Tips for overseas growth and operations

Operating a company at home is a whole different ball game than operating and growing one overseas. In fact, they might even be different sports. Your home game is strengthened by your knowledge of the playing field—you understand what people expect and how to fine tune your knowledge of what they want.

You’re familiar with your customers’ cultural expectations, as well as your employees’. You know that if you reach out to a blogger to form a mutually profitable relationship, they’ll likely be on board (the only questions are fit and price point).

But once you cross that country line, all bets are off and balls start flying at you from left field. All of a sudden, employees expect a different work environment. Bloggers may see guest-posting as highly suspect, if not downright bizarre. And customers can’t be found using your usual channels. You’ll likely find that in order to grow, your company needs to change to reflect its environment.

Here are our best tips for making that transition easier.

Test and iterate

Entering a new market requires research, hard work and patience. But, most of all, it requires letting go of all prior expectations and testing to see what’s really there. Start small. Begin by testing a translated and optimized landing page or product description and iterate until you find some success. Then you can think in terms of growth. Remember to be objective in how you measure success and not only look for what you’re hoping to find.

Throughout each testing phase (tests should continue through every marketing campaign), it’s vital to communicate with accuracy and cultural sensitivity. You’ll need translators who not only know the language, but can be your Sherpas into the culture. The foundation of your success in foreign markets is the ability to speak their languages—literally and figuratively.

Give your new company an “owner”

In many ways, branching out into a foreign market is like starting a new company, and you wouldn’t start a new company without a CEO, would you? That single point of contact is crucial to direct your efforts and defend your interests in your new location. Just as crucial is giving them enough resources to succeed.

What gets funded gets done

What are three basic things any new company needs? A founder, funding and a purpose. Funding should walk hand in hand with your list of clear short-term and long-term goals, all of which serve your ultimate purpose. Then, add more funding as each goal is reached. This way, you’ll build a roadmap with incentives at every stop along the way to success.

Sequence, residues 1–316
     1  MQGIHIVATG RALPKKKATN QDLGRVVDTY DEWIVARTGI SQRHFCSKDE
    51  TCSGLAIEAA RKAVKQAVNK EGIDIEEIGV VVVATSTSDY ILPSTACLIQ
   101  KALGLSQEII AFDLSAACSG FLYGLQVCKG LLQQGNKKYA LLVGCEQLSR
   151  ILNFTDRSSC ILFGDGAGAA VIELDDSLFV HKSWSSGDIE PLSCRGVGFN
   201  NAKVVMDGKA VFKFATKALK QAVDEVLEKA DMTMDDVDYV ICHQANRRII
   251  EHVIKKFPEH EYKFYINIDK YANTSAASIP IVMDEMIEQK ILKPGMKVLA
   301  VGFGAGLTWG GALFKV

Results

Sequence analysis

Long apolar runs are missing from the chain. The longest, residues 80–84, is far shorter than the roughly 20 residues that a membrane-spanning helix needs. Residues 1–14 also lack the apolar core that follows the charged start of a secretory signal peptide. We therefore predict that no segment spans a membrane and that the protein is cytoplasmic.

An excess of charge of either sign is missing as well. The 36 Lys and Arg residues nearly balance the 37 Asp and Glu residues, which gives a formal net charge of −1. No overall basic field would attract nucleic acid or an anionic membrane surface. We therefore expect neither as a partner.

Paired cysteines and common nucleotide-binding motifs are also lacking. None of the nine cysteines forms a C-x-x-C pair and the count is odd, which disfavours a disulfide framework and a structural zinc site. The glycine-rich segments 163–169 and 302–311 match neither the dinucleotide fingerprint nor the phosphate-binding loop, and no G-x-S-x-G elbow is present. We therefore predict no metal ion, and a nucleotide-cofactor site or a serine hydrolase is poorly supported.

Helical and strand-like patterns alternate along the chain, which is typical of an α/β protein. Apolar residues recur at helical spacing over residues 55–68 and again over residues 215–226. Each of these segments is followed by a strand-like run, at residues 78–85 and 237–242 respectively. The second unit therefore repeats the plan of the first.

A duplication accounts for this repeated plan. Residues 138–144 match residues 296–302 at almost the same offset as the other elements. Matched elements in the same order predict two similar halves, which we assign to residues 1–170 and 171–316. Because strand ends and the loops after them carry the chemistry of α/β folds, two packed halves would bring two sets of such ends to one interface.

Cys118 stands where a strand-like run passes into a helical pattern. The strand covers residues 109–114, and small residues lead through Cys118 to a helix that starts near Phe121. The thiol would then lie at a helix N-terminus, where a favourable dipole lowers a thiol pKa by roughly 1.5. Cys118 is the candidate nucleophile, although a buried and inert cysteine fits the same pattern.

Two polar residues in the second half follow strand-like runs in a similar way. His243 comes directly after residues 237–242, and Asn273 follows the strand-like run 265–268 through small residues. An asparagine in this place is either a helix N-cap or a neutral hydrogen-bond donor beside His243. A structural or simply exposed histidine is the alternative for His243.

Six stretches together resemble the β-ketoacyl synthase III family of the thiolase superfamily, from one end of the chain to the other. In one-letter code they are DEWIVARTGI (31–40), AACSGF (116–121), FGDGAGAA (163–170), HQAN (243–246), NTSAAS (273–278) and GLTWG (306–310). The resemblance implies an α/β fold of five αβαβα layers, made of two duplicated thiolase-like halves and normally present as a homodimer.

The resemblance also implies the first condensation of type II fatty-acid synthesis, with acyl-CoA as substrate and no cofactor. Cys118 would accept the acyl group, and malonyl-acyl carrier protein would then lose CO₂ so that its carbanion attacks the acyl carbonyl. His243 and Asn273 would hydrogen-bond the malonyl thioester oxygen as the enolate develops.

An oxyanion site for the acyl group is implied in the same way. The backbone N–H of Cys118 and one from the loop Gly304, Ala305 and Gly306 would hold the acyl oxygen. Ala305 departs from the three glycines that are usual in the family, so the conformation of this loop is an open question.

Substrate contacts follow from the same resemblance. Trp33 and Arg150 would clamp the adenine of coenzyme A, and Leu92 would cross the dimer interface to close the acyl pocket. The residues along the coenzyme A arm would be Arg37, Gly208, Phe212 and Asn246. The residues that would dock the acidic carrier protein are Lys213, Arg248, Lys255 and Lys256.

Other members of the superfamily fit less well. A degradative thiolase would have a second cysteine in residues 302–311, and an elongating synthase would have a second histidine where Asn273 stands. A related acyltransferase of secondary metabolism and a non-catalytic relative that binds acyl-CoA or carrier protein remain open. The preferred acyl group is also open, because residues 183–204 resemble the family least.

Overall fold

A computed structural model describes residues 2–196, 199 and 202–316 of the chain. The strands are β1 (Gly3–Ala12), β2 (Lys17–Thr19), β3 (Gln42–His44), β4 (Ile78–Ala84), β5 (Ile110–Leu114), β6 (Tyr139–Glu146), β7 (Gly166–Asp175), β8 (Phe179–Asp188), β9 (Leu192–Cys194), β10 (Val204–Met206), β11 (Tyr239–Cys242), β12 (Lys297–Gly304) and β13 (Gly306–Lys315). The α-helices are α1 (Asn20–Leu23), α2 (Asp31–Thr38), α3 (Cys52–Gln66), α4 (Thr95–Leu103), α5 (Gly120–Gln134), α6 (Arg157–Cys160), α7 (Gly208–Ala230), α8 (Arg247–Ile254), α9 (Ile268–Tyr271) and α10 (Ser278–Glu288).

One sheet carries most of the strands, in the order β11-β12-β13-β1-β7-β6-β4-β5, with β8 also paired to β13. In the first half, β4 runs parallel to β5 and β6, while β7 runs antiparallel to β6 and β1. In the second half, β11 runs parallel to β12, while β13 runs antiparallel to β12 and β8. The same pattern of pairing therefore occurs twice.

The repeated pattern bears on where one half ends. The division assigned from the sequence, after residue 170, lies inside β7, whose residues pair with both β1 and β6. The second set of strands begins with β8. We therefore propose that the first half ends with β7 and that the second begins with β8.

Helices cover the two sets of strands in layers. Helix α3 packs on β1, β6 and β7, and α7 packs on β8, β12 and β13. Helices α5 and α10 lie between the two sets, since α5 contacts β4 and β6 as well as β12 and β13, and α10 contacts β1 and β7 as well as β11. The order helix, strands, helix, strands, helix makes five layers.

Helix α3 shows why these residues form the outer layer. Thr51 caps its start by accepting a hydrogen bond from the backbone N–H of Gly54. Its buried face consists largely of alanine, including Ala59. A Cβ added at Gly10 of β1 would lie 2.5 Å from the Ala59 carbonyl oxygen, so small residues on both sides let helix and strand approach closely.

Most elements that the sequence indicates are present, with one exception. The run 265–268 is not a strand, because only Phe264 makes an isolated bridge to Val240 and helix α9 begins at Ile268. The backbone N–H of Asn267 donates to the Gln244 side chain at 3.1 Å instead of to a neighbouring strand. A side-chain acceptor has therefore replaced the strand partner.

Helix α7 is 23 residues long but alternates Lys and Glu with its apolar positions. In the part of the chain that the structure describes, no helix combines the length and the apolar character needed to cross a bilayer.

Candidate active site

Keep it simple, startup

It’s tempting to grow as fast as you think you can. Why not offer your product in 30 languages? You’ll reach that many more people, right? Not necessarily. You may miss significant opportunities by spreading yourself too thin, or find yourself going into debt with unforeseen expenses.

One online company, Pureprofile, moved into 43 countries in just a few months and did see staggering success. But, according to their director, Marina Cilona, they underestimated how much content would need to be translated and retranslated due to cultural sensitivities and contextual issues. That miscalculation, the result of haste and ambition, cost them more than anticipated.

Scaling and operating your global business isn’t easy, but it could be the best decision you’ve ever made.

For more tips on how to overcome the challenges of entering into foreign markets, download our free eBook, Going Global, Part II: Lean Globalization.


Lauren Van Mullem

The author

Lauren Van Mullem

Lauren assists in content production for Gengo's marketing team. As a former food and travel writer, she has experience communicating with all kinds of people from around the world and believes in celebrating different cultures through understanding them.

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